Dorsal Dislocation of the Trapezoid with Metacarpal Instability: A Boxing Injury
Background The second and third metacarpals are firmly attached, immobile structures which for the stable pillar of the hand. The trapezoid has been described as the keystone of the wrist, allowing a wide range of functional motion as well as inherent anatomic and biomechanical stability to the carpus.
Case Description We describe a novel boxing injury with a 180-degree in situ dislocation of the right trapezoid with concomitant second and third carpometacarpal (CMC) joint dislocations. Open anatomic reduction of the trapezoid was obtained, and subsequent percutaneous pinning of the metacarpals allowed for a full functional recovery and return to sports at 6 months.
Literature Review Combined trapezoid and CMC dislocations are extremely rare and have only been previously described in high-energy mechanism injuries, involving a direct dorsal force such as from the steering wheel in a motor vehicle collision. There are no previous reports of this injury occurring in the setting of direct axial load along the metacarpals in a clenched fist such as in a punch or fighting injury.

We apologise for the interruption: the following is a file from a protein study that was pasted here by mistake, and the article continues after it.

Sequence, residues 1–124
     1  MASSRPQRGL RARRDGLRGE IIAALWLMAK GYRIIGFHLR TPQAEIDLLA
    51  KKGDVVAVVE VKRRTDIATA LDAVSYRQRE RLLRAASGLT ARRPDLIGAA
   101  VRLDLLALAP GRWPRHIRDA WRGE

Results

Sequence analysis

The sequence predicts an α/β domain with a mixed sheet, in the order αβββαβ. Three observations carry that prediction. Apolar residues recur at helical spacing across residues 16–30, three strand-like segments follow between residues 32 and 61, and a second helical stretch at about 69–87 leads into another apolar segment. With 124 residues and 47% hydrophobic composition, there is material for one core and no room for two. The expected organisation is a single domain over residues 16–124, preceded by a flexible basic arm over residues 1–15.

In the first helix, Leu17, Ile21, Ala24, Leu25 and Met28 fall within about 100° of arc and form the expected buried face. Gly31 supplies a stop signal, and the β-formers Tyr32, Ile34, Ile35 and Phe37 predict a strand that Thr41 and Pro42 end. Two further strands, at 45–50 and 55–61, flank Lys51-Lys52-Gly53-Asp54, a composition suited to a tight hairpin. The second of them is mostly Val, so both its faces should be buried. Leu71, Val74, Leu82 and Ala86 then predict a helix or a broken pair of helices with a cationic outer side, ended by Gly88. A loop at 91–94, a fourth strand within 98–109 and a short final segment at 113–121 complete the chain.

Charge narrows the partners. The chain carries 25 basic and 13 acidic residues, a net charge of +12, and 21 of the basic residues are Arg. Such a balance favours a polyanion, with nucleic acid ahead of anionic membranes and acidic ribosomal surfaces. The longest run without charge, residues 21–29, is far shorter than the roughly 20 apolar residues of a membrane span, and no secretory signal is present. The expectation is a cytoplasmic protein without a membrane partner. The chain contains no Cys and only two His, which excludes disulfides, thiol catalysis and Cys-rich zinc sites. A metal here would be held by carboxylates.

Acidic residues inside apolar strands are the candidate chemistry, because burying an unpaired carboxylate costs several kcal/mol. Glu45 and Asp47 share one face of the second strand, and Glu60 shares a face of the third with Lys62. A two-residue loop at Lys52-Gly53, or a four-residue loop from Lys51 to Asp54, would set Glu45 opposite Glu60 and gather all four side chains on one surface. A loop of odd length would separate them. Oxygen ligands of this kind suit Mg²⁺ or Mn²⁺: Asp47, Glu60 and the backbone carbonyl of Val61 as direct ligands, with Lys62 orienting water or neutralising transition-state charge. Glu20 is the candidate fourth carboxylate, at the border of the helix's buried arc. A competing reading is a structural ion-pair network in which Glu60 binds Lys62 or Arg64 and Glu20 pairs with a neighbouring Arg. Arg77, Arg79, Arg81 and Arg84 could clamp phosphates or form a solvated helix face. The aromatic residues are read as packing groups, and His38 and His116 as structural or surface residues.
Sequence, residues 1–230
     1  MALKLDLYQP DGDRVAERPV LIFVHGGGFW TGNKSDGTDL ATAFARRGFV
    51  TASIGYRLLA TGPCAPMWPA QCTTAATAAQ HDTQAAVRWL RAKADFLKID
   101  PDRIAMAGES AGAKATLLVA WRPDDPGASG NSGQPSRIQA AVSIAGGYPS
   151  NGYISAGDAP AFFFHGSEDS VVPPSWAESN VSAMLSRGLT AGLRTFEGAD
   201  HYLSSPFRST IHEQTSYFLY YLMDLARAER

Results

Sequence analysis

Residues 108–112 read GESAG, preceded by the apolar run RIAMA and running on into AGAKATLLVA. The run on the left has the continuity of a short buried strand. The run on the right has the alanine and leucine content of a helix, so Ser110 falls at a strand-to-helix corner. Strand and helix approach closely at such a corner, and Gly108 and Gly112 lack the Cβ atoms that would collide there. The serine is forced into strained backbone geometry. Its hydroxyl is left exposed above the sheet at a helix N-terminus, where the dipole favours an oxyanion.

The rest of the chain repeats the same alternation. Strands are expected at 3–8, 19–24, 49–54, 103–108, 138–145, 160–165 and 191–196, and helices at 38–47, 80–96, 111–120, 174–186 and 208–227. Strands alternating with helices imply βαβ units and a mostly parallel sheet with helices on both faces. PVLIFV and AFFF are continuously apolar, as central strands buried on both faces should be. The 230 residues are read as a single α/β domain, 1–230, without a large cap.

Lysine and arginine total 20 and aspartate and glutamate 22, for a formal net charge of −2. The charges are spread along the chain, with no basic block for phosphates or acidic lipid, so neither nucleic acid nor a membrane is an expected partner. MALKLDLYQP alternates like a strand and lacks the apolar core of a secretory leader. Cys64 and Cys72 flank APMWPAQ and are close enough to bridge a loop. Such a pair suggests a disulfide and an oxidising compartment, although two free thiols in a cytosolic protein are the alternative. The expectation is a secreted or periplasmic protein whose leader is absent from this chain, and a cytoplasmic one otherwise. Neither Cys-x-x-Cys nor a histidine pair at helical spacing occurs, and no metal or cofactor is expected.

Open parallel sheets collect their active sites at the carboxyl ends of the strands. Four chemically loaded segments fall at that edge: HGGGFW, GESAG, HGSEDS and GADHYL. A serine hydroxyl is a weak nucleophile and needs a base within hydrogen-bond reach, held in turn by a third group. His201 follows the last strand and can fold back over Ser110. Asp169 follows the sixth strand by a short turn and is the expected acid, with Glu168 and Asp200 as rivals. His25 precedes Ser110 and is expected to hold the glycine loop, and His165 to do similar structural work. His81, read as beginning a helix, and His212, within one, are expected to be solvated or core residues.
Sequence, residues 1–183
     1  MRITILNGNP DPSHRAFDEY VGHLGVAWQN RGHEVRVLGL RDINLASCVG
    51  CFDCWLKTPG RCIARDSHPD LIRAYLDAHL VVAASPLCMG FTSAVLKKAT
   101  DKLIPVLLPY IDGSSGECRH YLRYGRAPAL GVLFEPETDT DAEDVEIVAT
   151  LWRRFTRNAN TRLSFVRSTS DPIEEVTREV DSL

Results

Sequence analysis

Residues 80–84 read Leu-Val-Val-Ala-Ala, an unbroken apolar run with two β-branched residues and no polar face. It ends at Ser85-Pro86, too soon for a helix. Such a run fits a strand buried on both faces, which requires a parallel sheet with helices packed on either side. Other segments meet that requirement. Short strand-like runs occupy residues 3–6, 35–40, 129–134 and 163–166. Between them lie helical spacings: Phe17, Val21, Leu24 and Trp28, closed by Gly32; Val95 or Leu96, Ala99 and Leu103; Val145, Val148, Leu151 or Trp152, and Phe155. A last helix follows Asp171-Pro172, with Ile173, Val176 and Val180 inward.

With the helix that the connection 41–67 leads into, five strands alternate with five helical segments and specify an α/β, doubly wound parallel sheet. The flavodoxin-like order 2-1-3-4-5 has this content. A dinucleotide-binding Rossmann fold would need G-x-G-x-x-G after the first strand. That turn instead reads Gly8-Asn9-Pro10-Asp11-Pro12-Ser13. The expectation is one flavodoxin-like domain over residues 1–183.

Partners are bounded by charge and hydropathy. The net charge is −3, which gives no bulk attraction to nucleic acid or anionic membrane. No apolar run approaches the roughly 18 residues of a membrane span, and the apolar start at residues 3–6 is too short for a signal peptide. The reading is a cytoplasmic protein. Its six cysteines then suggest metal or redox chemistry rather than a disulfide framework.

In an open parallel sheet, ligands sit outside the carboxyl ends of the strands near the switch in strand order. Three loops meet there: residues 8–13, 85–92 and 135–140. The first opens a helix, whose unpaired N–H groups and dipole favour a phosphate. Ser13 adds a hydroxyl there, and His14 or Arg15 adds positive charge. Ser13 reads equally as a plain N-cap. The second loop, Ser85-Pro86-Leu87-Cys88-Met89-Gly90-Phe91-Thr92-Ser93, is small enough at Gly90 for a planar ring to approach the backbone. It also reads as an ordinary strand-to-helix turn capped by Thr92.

Clinical Relevance The rare nature of this combined injury, its novel mechanism, and the difficulty in interpreting acute injury and postreduction radiographs require that the treating physician have a high degree of clinical suspicion for associated injuries when CMC dislocations are identified. Treatment strategies incorporating intraoperative fluoroscopy, open anatomic reduction of the trapezoid under direct visualization along with closed reduction, and pinning of the metacarpals reestablish carpal stability and provide excellent long-term results.
Eingereicht: 18. März 2020
Angenommen: 06. Juli 2020
Artikel online veröffentlicht:
27. August 2020
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